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By the time Hamels sorted himself out, the season was over.
Cole Hamels signed a contract extension in July of last year that set him up comfortably for life.
There is no point in begrudging Hamels his money. What was he supposed to do, say no?
It is fair to say, however, that Hamels did not give the Phillies enough return on their investment in 2013.
Hamels' last five or six starts have been good enough, combined with his peripheral numbers on the season, to convince many fans that his poor record and his team's struggles when he starts are not his fault.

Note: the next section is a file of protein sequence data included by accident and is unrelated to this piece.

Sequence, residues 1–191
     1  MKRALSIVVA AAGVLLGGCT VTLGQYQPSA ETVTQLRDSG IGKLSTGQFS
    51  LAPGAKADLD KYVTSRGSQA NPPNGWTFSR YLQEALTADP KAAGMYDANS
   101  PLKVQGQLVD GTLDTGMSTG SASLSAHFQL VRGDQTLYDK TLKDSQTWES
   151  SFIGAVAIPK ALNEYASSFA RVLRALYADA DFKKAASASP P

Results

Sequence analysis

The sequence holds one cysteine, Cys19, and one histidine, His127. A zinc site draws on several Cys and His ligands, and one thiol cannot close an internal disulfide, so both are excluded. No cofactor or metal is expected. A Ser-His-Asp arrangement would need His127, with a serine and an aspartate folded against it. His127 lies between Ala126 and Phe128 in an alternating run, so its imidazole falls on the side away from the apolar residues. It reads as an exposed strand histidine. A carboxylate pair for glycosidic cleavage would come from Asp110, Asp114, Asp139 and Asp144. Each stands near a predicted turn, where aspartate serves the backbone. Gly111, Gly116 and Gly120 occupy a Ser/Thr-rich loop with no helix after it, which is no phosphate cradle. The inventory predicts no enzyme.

This is a classic example of allowing recent developments to unduly influence long-term analysis.
Hamels could pitch seven perfect games from here to the season's end, and while it would be a historical anomaly and thrilling, it would make no difference in the outcome of the Phillies' season.
What the Phillies needed from Hamels was excellence in April, May and June, when they were still just barely in the race for a wild card berth.
Instead, Hamels went 2-11 with an ERA of 4.58 after giving up four earned runs in six innings to the San Diego Padres on June 26.
So enjoy his good starts from here to the end of the season.
Just remember that their value is diminished.